Your host, Anthony Gill, is professor of political science at the University of Washington and distinguished senior fellow at Baylor University's Institute for Studies of Religion.  Learn more.
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Featured Episodes
Date: June 17th, 2018

In the Bunhill Fields cemetery across from Wesley Chapel in London, there are three graves of prominent English dissenters — John Bunyan, Daniel Defoe, and William Blake. Our guest this week, Prof. Curtis Freeman (Duke Divinity School), encountered these memorials a few years back and he was sent on a scholarly journey that investigated the role of “undomesticated dissent” in British and American history. He shares his findings and why a deeper understanding of these three writers are important for the context of democratic governance.

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Date: June 10th, 2018

One of the unsung heroes of religious liberty in the United States is Isaac Backus. Dr. Brandon O’Brien (Redeemer City to City) explores the life and struggles of this colonial preacher and fighter for religious liberty, showing how Backus was able to thread the needle between government endorsed religion and a secular society.

Stay tuned for a big announcement.

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Date: June 3rd, 2018

What, if anything, might happen if we one day discover that we are not alone in the universe? Alternatively, what might happen to extraterrestrial life if they discover we exist? Prof. John Traphagan explores the ethical considerations behind the active search for extraterrestrial life (Active SETI) and uses his knowledge of cargo cults to frame the discussion and challenge some of the assumptions underlying current efforts to reach out to ET.

Stay tuned for an important announcement!

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Date: May 27th, 2018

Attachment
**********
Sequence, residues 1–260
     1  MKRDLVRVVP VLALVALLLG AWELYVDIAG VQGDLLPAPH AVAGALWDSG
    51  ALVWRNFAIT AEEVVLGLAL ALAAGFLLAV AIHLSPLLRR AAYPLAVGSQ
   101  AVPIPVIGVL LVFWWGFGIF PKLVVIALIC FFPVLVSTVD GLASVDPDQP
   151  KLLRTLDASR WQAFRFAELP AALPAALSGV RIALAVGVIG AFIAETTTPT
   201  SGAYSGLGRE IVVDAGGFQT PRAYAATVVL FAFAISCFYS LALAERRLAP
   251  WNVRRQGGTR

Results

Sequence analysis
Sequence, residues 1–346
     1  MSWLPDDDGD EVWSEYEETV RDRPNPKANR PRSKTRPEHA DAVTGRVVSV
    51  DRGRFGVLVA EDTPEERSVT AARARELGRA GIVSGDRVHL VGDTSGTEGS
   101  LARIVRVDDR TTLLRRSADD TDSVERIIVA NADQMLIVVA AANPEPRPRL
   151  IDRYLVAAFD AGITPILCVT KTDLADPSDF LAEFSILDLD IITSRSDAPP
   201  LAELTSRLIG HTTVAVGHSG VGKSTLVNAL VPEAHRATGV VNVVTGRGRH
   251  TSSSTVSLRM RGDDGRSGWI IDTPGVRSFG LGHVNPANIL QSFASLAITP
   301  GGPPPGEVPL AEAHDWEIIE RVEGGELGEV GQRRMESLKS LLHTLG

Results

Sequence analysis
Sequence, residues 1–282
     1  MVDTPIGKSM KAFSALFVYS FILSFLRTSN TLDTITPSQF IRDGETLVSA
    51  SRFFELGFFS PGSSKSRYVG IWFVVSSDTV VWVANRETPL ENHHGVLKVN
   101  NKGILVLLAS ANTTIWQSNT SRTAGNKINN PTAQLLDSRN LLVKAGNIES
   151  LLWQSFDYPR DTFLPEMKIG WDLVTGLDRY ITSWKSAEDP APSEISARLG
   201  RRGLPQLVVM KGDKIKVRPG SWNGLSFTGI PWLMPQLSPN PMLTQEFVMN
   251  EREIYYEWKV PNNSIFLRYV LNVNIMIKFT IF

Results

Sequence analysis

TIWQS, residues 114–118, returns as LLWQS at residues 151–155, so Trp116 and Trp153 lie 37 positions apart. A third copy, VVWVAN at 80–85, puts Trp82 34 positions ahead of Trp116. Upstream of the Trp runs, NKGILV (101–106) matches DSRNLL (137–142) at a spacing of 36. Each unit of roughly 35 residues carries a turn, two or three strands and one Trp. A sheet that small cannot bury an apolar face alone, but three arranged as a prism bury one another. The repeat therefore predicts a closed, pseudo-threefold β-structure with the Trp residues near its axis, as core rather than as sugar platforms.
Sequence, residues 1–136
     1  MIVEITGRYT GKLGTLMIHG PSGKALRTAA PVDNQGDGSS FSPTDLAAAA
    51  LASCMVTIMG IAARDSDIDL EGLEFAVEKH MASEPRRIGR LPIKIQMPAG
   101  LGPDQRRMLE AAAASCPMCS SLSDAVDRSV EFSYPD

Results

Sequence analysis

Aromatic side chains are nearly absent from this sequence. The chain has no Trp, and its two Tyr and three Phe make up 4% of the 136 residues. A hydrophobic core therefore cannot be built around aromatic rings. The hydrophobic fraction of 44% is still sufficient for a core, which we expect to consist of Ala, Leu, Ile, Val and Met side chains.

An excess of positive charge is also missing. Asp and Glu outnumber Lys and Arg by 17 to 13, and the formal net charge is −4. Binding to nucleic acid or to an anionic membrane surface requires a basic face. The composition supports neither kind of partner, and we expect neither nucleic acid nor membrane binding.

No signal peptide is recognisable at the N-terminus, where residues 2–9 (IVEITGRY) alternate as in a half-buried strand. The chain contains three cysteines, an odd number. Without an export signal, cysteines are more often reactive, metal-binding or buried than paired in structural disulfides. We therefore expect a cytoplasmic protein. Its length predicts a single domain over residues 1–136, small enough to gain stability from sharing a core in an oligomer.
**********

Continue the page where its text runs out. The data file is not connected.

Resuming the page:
Prof. James Hudnut-Beumler returns to our show to discuss his new book “Strangers and Friends at the Welcome Table,” an academic and “road trip” look at Christianity in the contemporary South. We look at Southern religion as it was in the past and what trends are reshaping the landscape today, including the rise of megachurches, homeschooling, and acceptance of alternative lifestyles.

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Date: May 20th, 2018

We’re back! Our guest this week is Rev. Doug “Banzai” Douma, author of a biography of Presbyterian philosopher Gordon H Clark. We discuss who Gordon Clark was, his impact on Presbyterianism, and then spend the second half of the interview talking about Doug’s efforts to create a Christian hostel for hikers on the Appalachian Trail.

This is our first podcast in the new AAC audio format. Enjoy.

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Date: May 13th, 2018

Prof. David Smith of the University of Sydney returns to discuss the role religion plays in international relations and foreign policy. We chat about why international relations scholars have de-emphasized the role religion plays in cross-national interactions and how this might be changing. David also reviews how scholars now think that religion plays a role in diplomacy and foreign policy.

We are still sorting things out with the podcast. Please be patient.

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Date: May 6th, 2018

What motivates some Islamic clerics to advocate political violence? Prof. Richard Nielsen (MIT) talks about the frustrated pathways that many imams — who see themselves as scholars — face. When their intellectual ambition is blocked by actions of the state and other social conditions, one possible pathway is to advocate rebellion.

We are back from a short sabbatical and hope to have more fresh episodes in the offing.

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Date: April 29th, 2018

We are still on a break.  In the meantime, enjoy one of Tony’s favorite interviews from the past. Why have many women in the Middle East resorted to increasingly conservative modes of dress in recent decades?  And what happens after a political regime rapidly collapses leaving society in near total chaos as happened in Iraq […]

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Date: April 15th, 2018

While we are still on a short sabbatical, please enjoy this popular “blast from the past.”

Prof. Charles North discusses his research linking religion to the rule of law and economic development. We survey the literature on religion and economic growth, and then chat about North’s findings wherein Protestantism, Catholicism, and Hinduism were statistically linked to higher support for “rule of law” and lower levels of corruption. We discuss some of the potential causal reasons for this connection, which takes us back to medieval Europe and the rise of canon law.

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